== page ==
In order to show some respect and be polite I find it useful to learn a couple of phrases in the local language, “thank you” and “sorry” being among the most important ones. I also try to hold back negative reactions, and rather ask for an explanation or google it later. When preparing for your trip I recommend you to have a glimpse at articles on foreign etiquette and gestures.

Have you had any embarrassing episodes with the locals?

kathrinetravelettes150 Dos and donts for traveling abroadKathrine Opshaug Bakke, editor at Travelettes from 2009 to 2013, wrote this post. Originating from Norway, she has been living in Berlin, Lisbon, and Stockholm the past 6 years.

She loves cities with imperfect facades, photography, traveling by bike, vintage hunting, and everything that comes with cheese. Follow her visual diary at anchoredpaperplane.com.

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9 Comments »

  • Kasia said:

    In Poland we have that flower thing too. I mean i don’t even know why (never heard that it has something in common with death) but i was taught that giving an even number of flowers is inelegent. However nobody beside a few grandmas would be really offeneded by that :)

  • Kasia said:

    In Poland we have that flower thing too. I mean i don’t even know why (never heard that it has something in common with death) but i was taught that giving an even number of flowers is inelegent. However nobody beside a few grandmas would be really offeneded by that :)

  • Kirsty said:

    In China, the number 4 is considered to be unlucky, since it has the same pronunciation as death (si). So never, ever give anything in fours!

  • John said:

    The UK is a funny place. You try to greet someone with showing them the “peace sign”, and then all you get is a bollocking!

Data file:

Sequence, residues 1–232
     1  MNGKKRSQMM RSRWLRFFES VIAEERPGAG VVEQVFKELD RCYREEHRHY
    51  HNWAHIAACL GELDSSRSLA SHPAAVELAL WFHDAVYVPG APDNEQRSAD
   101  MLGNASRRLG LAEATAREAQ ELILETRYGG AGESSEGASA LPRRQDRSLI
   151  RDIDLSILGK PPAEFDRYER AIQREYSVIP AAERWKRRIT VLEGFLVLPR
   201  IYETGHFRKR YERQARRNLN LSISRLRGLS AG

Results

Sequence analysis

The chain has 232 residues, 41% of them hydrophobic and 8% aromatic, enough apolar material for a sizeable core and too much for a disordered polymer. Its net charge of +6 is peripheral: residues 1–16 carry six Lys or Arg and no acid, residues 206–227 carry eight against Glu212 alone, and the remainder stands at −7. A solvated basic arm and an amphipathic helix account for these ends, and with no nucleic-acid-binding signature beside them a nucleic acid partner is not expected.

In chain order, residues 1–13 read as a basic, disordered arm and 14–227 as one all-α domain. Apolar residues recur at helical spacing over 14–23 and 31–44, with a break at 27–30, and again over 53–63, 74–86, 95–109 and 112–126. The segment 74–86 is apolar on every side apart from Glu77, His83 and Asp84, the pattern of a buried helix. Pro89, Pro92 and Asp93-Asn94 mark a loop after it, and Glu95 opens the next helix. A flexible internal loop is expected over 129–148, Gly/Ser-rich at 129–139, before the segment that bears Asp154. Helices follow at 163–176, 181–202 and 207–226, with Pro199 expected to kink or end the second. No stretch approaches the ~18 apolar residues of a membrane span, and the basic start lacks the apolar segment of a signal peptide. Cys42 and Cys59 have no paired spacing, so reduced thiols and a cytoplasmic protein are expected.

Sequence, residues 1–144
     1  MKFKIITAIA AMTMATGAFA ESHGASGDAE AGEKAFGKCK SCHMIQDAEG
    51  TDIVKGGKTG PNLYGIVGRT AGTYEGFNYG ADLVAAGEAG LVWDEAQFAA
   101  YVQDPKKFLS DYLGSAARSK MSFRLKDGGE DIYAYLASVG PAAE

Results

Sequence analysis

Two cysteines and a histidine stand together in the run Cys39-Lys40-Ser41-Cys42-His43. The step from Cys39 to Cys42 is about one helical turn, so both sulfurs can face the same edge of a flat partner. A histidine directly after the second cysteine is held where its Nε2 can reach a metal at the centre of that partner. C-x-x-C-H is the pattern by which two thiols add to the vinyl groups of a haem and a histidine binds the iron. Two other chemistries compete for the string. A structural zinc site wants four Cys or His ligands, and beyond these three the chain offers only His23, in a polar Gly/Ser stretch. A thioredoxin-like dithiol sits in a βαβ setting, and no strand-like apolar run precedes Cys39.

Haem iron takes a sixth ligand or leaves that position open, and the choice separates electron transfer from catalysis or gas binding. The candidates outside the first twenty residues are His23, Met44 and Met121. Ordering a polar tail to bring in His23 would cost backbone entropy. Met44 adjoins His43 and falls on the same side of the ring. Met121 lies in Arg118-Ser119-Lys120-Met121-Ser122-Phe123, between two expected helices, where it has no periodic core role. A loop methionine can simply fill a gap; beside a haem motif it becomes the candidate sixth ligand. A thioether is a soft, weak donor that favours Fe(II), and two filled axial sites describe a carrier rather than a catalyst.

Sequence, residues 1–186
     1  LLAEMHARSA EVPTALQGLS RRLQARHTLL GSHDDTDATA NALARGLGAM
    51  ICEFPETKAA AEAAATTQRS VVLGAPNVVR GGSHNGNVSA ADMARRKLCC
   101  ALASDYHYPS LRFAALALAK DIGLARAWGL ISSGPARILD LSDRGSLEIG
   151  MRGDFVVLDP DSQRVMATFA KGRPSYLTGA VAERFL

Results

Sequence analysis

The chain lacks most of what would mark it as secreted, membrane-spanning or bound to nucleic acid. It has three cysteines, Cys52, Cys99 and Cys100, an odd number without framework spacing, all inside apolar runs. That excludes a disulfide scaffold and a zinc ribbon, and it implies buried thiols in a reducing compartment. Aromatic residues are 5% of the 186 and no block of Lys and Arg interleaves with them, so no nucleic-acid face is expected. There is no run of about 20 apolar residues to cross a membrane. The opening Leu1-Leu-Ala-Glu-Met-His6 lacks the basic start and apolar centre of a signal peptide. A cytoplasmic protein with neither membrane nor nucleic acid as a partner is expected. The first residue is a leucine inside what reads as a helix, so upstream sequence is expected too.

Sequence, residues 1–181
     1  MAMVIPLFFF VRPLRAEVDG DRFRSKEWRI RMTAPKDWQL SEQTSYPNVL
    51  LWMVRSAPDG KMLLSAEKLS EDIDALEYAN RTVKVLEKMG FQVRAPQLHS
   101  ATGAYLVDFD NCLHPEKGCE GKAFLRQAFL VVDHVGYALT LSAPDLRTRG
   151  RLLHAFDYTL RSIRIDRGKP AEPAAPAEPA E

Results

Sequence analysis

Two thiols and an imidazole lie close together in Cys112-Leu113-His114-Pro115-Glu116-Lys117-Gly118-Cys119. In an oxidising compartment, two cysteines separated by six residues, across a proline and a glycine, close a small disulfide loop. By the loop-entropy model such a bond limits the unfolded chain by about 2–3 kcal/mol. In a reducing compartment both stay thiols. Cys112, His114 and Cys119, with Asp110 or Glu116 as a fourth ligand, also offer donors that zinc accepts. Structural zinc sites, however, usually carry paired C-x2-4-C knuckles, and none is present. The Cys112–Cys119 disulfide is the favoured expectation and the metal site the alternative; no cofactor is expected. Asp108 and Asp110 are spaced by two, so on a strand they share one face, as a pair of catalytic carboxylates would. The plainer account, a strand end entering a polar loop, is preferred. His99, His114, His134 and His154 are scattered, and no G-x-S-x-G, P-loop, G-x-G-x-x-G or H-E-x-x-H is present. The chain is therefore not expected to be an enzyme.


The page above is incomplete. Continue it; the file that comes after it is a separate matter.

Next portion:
:)

  • A Lady in London said:

    Great post. It’s amazing how the little things we don’t think about can be so important in how people perceive us when we travel!

  • Laynie said:

    Back in high school, I was a French II student travelling in Paris. After our meal, the waitress came to ask if we wanted dessert. I made the fatal mistake of saying, “Non, merci, je suis pleine.” Big no-no. You see, I literally said “I am full.” But you only use the world “plein” for full when you’re talking about a room or box or something. If you use it on a person, it means “pregnant.” I realized my mistake and corrected it immediately, but not before the waitress had given me a horrified look that raised a bunch of questions with my strictly-anglophone parents. ;)

  • Anna said:

    haha Laynie I made a similar mistake in Denmark. As a German native speaker who has learned Danish but not so much of the everyday-language, I said ‘Nej tak, jeg er fuld’ when offered a second helping, translated (too) directly from German (Nein danke, ich bin voll/satt).. so I basically said that I was drunk!

  • Rafaela said:

    Actually, giving a thumbs up in Brazil is totally normal. It doesn’t have a bad connotation, but the OK sign isn’t such a good idea..

  • kathrine said:

    @Rafaela, thanks for letting us know :) I’ll keep that in mind on my next trip to Brazil.